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October 7, 2013

Consumers think ID fraud is greater risk than online fraud

Yet they do not know how to protect themselves.

By Duncan Macrae

Consumers feel more threatened by ID fraud than online or credit card fraud, a study by credit reporting agency Equifax has found.

The results of the survey, released as National Identity Fraud Prevention Month kicks off, show that 36% of consumers believe they are most at risk from identity fraud; 35% worried most about online fraud; while 29% concerned about credit card fraud.

The majority (58%) believe that their risk of fraud has increased over the past 12 months, particularly as fraudsters appear to be getting more sophisticated.

When compared to research carried out by Equifax in 2010, the fear of online fraud such as ‘phishing’ has increased quite significantly. In 2010 just 24% of consumers said this was their biggest concern, compared to 35% in 2013. Concern about credit card fraud has decreased slightly in 2013 to 29% compared to 36% in 2010.

The new Equifax research also highlights greater awareness of the precautions that need to be taken to prevent and spot potential fraud. Nearly all respondents (91%) said they check their bank and credit card statements regularly and 72% shred personal documents. There is also a much greater understanding of the risk of fraud through the use of smartphones and social media now than in 2010. 64% of respondents to this year’s survey said that they have a passcode or password for their smartphone, compared to just 31% in 2010.

Neil Munroe, External Affairs director, Equifax, said: "It is great to see that individuals are taking big steps to protect themselves from identity fraud, with efforts taken over the last few years through campaigns like National Identity Fraud Prevention Month appearing to improve awareness and understanding of this invisible crime."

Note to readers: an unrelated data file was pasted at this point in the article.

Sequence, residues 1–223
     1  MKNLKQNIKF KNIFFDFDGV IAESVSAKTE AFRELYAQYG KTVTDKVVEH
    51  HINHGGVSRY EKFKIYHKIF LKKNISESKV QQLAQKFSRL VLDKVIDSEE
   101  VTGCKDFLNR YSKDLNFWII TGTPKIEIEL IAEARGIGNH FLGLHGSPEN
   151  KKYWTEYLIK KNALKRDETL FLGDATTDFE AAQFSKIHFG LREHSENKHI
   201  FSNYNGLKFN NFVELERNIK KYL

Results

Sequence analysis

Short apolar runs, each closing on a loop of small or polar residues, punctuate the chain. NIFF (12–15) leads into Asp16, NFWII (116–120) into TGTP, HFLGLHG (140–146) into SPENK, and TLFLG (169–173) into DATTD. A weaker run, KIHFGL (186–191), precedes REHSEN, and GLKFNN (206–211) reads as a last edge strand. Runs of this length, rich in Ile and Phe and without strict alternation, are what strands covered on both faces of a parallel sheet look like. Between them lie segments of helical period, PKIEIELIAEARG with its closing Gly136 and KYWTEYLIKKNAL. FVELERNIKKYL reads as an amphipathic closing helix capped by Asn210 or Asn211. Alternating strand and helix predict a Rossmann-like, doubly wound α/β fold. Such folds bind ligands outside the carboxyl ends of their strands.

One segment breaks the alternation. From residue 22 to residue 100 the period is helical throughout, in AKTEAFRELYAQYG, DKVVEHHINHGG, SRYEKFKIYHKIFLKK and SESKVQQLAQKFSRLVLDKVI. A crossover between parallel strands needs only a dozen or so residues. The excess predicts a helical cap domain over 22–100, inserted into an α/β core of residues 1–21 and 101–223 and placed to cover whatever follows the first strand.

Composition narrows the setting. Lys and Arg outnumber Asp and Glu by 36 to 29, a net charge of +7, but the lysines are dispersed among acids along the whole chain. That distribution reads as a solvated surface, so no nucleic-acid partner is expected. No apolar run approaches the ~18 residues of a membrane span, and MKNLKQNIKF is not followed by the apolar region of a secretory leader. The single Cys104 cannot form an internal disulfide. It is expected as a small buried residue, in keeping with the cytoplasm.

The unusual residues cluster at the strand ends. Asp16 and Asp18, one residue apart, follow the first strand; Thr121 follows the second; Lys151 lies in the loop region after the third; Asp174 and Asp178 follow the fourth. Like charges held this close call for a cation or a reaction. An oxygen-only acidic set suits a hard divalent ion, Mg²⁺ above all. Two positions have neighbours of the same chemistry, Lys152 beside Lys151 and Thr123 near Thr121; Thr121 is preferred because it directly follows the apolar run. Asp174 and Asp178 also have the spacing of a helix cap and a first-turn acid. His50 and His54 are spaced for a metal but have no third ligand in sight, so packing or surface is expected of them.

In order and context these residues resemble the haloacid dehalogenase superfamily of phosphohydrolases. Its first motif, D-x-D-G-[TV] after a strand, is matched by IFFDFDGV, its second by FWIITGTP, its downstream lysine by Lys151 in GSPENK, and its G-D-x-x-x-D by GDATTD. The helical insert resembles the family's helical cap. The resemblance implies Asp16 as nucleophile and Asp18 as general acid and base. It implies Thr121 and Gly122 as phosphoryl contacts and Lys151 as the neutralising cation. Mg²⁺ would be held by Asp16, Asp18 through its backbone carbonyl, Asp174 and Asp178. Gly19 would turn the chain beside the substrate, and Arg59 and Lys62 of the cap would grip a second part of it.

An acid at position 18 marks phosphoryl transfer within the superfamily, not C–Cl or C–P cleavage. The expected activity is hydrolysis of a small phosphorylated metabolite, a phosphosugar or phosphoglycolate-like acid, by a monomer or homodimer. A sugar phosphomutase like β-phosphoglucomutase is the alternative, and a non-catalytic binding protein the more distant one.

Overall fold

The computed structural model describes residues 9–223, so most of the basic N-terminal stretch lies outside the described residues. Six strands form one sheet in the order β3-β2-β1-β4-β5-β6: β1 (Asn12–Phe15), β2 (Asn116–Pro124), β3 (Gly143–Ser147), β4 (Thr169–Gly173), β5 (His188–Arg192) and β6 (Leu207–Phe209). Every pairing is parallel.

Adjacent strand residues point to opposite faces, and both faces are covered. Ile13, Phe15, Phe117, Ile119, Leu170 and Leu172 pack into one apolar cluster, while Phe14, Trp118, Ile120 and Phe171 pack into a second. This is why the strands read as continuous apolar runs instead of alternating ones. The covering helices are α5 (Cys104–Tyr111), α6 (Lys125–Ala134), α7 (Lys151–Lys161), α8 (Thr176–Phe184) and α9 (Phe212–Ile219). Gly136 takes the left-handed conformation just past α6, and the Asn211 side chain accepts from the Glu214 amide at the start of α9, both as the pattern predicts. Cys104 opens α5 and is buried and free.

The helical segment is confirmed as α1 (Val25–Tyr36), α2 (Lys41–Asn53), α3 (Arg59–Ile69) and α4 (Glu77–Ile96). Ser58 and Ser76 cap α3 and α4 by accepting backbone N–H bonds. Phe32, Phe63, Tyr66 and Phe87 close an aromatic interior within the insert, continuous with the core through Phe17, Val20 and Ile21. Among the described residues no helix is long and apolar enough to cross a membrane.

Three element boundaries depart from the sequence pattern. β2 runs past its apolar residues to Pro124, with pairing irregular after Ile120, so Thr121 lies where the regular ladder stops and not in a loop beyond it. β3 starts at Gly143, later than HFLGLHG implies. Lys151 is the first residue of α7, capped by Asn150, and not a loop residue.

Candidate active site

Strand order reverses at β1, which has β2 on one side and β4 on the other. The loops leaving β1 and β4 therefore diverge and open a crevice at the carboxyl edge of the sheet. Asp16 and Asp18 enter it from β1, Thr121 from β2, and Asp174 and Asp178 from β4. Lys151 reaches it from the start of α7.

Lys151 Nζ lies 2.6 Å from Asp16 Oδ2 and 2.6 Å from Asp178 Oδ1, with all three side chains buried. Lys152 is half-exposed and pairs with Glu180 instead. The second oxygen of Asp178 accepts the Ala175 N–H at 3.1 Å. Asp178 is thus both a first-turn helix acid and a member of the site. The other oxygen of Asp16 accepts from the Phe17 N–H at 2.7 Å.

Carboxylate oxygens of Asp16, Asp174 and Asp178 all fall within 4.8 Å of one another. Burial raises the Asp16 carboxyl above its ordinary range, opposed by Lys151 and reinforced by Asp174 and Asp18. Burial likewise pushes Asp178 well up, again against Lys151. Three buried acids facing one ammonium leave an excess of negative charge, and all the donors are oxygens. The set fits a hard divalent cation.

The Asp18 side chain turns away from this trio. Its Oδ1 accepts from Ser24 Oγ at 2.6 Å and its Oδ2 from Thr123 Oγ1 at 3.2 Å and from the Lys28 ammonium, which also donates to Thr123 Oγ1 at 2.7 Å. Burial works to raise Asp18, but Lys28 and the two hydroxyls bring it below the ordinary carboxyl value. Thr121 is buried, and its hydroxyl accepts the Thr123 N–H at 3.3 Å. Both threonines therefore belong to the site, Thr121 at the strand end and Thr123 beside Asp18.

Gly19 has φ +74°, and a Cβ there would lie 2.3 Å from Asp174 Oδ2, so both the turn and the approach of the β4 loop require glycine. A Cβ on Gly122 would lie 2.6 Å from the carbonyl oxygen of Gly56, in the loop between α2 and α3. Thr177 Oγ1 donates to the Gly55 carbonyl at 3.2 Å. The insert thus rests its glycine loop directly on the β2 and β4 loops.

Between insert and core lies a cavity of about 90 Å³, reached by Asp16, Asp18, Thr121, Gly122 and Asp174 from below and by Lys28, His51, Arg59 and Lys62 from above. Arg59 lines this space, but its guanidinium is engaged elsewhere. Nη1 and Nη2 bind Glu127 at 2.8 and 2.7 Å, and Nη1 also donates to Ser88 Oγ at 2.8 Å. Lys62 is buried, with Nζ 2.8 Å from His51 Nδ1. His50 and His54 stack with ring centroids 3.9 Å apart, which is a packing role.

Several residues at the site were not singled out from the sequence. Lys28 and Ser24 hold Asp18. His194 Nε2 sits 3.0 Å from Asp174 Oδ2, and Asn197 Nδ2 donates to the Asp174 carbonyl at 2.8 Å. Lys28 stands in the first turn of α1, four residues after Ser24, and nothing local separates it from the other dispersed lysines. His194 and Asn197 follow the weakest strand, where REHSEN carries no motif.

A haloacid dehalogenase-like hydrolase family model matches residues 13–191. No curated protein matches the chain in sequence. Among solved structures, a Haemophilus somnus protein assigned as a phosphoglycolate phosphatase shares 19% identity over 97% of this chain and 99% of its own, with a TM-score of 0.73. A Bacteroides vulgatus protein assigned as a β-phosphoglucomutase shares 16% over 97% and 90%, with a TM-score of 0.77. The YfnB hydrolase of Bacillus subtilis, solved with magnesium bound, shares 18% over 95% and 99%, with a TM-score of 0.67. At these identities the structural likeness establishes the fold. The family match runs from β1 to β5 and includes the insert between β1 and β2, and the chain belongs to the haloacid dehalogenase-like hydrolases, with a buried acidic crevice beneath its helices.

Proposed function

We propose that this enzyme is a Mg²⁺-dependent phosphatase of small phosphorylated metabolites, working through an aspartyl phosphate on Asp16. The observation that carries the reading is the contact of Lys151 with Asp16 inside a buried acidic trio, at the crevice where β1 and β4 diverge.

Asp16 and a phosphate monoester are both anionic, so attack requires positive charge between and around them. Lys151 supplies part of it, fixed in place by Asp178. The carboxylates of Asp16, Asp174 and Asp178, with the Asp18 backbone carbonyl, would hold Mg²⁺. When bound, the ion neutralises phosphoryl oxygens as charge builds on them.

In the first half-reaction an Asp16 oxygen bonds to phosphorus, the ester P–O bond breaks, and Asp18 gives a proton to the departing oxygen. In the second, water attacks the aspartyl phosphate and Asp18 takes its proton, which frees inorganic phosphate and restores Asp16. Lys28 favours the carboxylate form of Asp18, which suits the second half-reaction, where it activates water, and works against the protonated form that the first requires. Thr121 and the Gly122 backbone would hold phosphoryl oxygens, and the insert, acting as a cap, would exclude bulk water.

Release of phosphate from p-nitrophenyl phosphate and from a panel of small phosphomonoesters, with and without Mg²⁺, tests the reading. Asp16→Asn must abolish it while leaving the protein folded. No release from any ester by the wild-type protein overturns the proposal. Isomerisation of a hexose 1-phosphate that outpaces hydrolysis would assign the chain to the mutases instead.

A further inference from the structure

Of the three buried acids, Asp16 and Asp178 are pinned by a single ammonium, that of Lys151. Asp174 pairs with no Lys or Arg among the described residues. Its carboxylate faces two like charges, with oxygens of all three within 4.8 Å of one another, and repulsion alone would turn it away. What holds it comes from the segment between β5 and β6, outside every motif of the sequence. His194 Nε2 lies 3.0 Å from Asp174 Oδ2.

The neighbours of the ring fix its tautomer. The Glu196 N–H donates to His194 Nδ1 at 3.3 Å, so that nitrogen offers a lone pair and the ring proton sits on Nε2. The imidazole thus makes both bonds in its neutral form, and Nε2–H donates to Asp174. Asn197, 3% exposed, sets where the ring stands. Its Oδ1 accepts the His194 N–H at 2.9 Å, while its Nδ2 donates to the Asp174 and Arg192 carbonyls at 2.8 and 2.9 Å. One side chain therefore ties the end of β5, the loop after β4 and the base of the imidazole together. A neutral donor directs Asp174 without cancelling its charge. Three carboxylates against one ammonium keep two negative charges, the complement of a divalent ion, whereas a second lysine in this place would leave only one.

"But just as respondents to our research suspect, fraudsters have become more sophisticated and that means consumers need to be cleverer about protecting their identity and financial information too.

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"We were particularly surprised to see that nearly a third (31%) of respondents said they post information on their social media sites when they are on holiday. This type of behaviour, particularly common amongst younger people, opens up so many chances for a fraudster.

"Also, when changing their mobile phones, 32% would give the old phone to a friend and 14% would sell it online. Although it may not be their first thought, people need to think about where the data on an old phone goes and how this could get into the hands of fraudsters."

The risks of identity fraud are being highlighted during National Identity Fraud Prevention Month as part an annual awareness campaign called ‘Don’t let it be you,’ which is urging heads of households to be aware of the impact of personal identity fraud on the wider family.

"There is no question that new technology has made so many parts of life easier and more convenient, but with those benefits needs to come more vigilance about what personal information is shared online, with whom, and how" added Munroe. "We advise individuals to keep all their passwords to themselves and not even give them to their partners or other family members. We also recommend that individuals check their credit report on a regular basis to ensure that no unauthorised activity has taken place.

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